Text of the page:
by Rodney Dunigan
WTVF NewsChannel 5

Watch the video from this story here.

Navigating the rough waters of college can be tough for any student, especially when you're away from family, friends and home for the first time. For some, the experience can be overwhelming, especially when pushed over the edge by bullies.

It's not a problem we usually consider students will run into on a college campus, but just like high school some students fall victim to bullies.

Just recently, Rutgers University student Tyler Clementi committed suicide after his sexuality was revealed by two classmates. Local universities take the issue seriously and are doing all they can to protect students.

"Many people are bullied because of their real or perceived sexual orientation or gender identity," Nora Spencer told NewsChannel 5.

Spencer is the director of Vanderbilt University's office of lesbian, gay, bisexual, transgender, queer, and intersex life. Their mission is to be a place of comfort for students.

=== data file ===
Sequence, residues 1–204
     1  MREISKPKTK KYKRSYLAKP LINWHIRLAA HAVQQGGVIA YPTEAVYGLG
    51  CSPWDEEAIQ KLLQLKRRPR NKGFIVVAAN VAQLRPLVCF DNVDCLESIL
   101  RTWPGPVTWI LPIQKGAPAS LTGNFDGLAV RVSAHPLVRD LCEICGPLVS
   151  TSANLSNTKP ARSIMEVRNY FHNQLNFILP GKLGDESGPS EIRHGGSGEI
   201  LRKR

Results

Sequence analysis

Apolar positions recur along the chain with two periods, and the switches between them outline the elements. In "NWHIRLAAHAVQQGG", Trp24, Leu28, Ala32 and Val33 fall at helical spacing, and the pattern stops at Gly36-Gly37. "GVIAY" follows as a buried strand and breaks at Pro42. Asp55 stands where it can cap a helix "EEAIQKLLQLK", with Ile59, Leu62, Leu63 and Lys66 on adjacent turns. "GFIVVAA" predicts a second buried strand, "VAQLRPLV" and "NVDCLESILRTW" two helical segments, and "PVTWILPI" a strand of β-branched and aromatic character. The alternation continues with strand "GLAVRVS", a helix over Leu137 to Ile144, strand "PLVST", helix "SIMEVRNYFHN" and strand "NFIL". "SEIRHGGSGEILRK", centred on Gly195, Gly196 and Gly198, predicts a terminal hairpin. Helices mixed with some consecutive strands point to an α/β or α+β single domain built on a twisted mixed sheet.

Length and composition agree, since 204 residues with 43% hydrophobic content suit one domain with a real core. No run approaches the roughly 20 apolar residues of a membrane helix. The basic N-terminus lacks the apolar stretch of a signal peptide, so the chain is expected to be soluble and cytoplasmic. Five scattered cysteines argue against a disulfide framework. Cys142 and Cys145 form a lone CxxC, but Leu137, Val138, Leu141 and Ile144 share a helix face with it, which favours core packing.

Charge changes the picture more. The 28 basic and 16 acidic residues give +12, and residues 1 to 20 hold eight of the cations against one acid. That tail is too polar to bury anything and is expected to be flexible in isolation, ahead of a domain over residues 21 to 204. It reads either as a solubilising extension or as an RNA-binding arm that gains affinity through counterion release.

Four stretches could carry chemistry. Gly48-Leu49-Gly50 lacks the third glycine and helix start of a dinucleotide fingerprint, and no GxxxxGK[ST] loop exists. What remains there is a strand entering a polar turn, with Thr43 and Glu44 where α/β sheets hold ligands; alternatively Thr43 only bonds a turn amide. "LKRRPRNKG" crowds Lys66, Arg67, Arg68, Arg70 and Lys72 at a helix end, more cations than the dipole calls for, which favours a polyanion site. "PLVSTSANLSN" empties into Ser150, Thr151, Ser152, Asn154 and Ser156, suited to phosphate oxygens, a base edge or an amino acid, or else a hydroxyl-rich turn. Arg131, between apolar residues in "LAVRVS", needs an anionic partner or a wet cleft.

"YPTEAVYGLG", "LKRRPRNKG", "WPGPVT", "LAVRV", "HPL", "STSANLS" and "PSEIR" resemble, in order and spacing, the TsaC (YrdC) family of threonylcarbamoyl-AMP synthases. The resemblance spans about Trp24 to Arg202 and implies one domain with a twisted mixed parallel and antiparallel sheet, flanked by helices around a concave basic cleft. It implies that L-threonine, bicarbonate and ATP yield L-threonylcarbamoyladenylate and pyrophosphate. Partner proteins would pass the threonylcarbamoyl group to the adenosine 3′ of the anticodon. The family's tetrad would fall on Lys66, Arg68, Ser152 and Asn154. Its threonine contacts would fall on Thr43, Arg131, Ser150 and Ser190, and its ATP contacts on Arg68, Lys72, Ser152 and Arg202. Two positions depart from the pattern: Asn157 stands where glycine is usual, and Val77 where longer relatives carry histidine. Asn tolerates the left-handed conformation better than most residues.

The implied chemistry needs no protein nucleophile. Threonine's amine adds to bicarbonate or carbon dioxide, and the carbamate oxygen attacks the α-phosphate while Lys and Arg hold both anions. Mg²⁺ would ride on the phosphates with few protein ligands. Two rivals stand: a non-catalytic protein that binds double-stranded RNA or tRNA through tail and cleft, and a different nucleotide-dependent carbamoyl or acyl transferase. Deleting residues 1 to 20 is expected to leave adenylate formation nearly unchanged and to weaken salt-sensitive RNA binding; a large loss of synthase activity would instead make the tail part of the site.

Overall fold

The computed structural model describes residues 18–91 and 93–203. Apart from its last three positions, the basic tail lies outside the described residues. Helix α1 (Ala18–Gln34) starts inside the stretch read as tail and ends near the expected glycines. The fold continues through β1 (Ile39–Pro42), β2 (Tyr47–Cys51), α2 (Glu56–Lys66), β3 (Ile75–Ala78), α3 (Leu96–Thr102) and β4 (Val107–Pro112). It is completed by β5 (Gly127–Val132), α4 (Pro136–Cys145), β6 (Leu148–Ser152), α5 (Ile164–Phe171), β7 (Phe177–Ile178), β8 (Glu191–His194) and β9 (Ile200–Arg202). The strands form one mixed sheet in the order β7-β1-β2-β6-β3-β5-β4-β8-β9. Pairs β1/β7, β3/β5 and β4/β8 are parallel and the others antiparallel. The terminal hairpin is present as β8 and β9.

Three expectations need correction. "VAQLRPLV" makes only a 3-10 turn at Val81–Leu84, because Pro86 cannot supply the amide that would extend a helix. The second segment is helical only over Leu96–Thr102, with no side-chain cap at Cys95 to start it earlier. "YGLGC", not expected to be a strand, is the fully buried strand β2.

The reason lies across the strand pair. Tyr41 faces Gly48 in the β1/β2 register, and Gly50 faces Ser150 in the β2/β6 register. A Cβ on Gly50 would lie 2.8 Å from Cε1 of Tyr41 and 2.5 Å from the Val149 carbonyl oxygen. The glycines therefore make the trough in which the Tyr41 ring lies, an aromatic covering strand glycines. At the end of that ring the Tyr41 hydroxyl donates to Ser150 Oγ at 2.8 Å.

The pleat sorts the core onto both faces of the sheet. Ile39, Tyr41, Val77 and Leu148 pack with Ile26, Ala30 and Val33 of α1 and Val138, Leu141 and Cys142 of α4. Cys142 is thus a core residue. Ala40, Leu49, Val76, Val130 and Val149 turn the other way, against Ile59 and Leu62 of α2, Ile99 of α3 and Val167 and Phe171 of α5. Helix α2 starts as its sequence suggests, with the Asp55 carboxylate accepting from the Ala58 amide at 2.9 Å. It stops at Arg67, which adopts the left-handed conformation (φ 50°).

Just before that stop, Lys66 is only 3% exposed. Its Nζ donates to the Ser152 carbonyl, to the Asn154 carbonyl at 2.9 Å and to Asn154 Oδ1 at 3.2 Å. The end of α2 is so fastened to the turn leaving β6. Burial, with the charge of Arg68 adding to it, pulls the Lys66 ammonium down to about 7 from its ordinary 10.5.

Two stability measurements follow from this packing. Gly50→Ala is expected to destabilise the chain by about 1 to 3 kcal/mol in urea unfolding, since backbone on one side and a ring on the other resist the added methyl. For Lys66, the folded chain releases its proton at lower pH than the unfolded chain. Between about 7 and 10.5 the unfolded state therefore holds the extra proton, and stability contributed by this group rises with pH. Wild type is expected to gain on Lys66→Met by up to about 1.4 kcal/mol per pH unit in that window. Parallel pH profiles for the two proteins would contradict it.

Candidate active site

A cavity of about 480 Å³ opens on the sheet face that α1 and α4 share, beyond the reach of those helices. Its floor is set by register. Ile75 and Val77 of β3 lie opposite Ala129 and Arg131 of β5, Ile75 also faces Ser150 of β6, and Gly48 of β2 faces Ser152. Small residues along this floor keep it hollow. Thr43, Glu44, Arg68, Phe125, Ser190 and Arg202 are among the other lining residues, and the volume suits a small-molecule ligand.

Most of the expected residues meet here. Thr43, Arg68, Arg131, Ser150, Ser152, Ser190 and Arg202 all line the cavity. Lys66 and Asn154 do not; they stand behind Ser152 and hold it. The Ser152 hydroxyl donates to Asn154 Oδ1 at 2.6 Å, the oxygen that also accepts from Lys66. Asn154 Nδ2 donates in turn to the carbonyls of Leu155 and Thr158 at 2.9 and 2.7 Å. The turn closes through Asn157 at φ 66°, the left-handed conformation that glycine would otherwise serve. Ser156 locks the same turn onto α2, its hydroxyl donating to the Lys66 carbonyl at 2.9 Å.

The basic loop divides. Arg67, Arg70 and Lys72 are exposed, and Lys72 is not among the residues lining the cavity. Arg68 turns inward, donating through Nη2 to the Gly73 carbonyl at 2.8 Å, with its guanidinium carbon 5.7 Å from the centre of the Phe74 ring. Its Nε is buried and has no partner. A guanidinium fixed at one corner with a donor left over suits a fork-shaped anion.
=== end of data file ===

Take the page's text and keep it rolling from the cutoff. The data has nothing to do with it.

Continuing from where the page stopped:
"We try to make it so that students feel supported and nurtured in all of their identities so they can really get down to the business of learning cause that's why we're here," said Spencer.

They work to educate the campus community. It is an effort to prevent discrimination, bullying or worse.

"As we know it can be life and death for some students. This isn't just about LGBT issues but essentially bullying on a campus can create a culture where many people don't feel comfortable to be fully themselves," Spencer told NewsChannel 5.

Spencer also told NewsChannel 5 the LGBTQI office at Vanderbilt was created three years ago after a gay couple was assaulted on campus. She believes they've really been able to reach the campus community and have been a real help to students working through issues with their sexuality.

In the Rutgers University case, the two students involved with were charged with invasion of privacy for posting a sexual encounter involving Clementi online. The university has condemned the students' actions.

Tyler Clementi is at least the third homosexual teen's suicide to be blamed on bullying in just the past week. 13-year-old Asher Brown of Texas, and 13-year-old Seth Walsh of California also took their own lives, after suffering the taunts of classmates.

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